By September, the monsoon is starting to dry up in parts of India. With light rain in Delhi and Rajasthan and fewer crowds than in the winter, this is a great month to visit the attractions of the Golden Triangle. Hot spots like the Taj Mahal will be quiet, with great visibility, and you can expect shoulder season prices in most of the country.


In Delhi and its surrounding areas, September is hot but relatively dry. The month sees an average of just six days of rain, with highs at 93°F and lows at 77°F. The weather is similar in Rajasthan, with even fewer days of rain.

In Kolkata and West Bengal, the monsoon is still in full swing in September, with an average of 14 days of rain. Kerala, Mumbai, and Goa are also still wet during this time. In Tamil Nadu, September means a brief pause between the Southwest monsoon and the Northeast monsoon, so rainfall slows down during this month.

The eastern Himalayas (Arunachal Pradesh, Sikkim, etc.), are still rainy during this time. Kashmir and Ladakh are fairly dry, and the cold of winter hasn’t set in yet.

Crowds & Costs

Peak season in most of India begins in October. September is still quiet, with the receding monsoon and warmer weather keeping the crowds away. Most visitors are heading back to school and work at this time, making September a “shoulder season” month: it’s a good time to take advantage of reasonable weather and cheaper prices.

Where to Go

September is the perfect time to explore the famous attractions around Delhi. Hot spots like the Taj Mahal will be quiet and not too crowded, while visibility is good and the weather is amenable for sightseeing. The palaces of Rajasthan are also splendid during this time, offering great views and short lines.

If you’d prefer, you could also head south to Tamil Nadu to experience the region’s awe-inspiring temples before the next monsoon hits. If you’re eager to combine it with a trip to Kerala, you can do so. Although Kerala stays quite rainy until December, the rains start to slow down and become more intermittent near the end of the year, making sightseeing easier.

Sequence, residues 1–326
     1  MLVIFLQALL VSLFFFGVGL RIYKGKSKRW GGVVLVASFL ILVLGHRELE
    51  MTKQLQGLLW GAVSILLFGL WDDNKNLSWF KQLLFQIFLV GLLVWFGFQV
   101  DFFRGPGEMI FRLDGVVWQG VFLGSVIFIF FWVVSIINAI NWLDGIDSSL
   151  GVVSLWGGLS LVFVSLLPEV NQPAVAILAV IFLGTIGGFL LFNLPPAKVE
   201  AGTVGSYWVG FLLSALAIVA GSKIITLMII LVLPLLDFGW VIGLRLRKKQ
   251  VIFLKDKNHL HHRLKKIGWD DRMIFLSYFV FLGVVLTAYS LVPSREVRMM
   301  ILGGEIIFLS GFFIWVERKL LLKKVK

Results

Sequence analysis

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What to Do

The drier weather makes September a perfect month for urban exploring, and seeing North India’s highlights. The Golden Triangle’s attractions are very photogenic at this time of year. If you’re planning to visit the Taj Mahal, try to go early in the morning. This will give you the chance to see the sunrise, beat the lines, and enjoy cooler temperatures.

Delhi also offers a plethora of things to do: besides highlights like the Red Fort, the city is also packed with historic attractions like the Lodhi Gardens, Qutb Minar, and Humayun’s Tomb. This is also a great opportunity to wander through the streets of Old Delhi. In the open-air market of Chandni Chowk, you can buy local goods and try some of the city’s street food.

If you end up traveling to Rajasthan, don’t miss taking a tour of the Thar Desert by camel from the town of Jaisalmer. For those who would rather head down to Tamil Nadu, some interesting sites to see are the temples at Madurai and Trichy, the French colonial city of Pondicherry, and the spiritual commune at Auroville. And if you do choose to add on Kerala, you can tour the Kerala backwaters by traditional wooden houseboat.

Events in September

Here are some of the events you can attend in India in September. Note that the dates of religious events can change each year, according to the lunisolar calendars used on the subcontinent.

In Kerala, the important harvest festival of Onam takes place around this time. It’s celebrated with floral decorations, boat races, singing and dancing, and feasts served on banana leaves in the traditional South Indian style. To experience Onam, you could head to any Keralan town or city, such as Trivandrum or Kochi.

Navaratri is another festival happening in India around September. This nine-day festival is dedicated to the Mother Goddess (Shakti) and her various manifestations. In Delhi, Navaratri is celebrated with Ramlila plays—traditional folk performances of the sacred Sanskrit epic, the Ramayana.

Finally, if you visit Mumbai in September, you might get to experience Ganesh Chaturthi, an 11-day festival honoring the birth of the elephant-headed god Ganesh. At the end of the festival, statues of Ganesh are paraded through the streets and immersed in the sea. This festival is very popular and the city gets crowded, so it’s a good idea to make arrangements in advance.

Traveling to India in September? Check out these great itineraries.

Explore Rajasthan: Palaces, Forts, and the Thar Desert - 9 Days With this nine-day tour, you’ll get to see some of the highlights of Rajasthan’s majestic cities, plus Delhi.  

India’s Golden Triangle: A Local Perspective - 5 Days This tour offers you the chance to immerse yourself in local communities, while seeing the highlights of Delhi, Jaipur, and Agra.

More Helpful Information

India in August
India in October
When to Visit India: Travel Tips for Every Season
Places Most Travelers Miss (But Shouldn’t) in India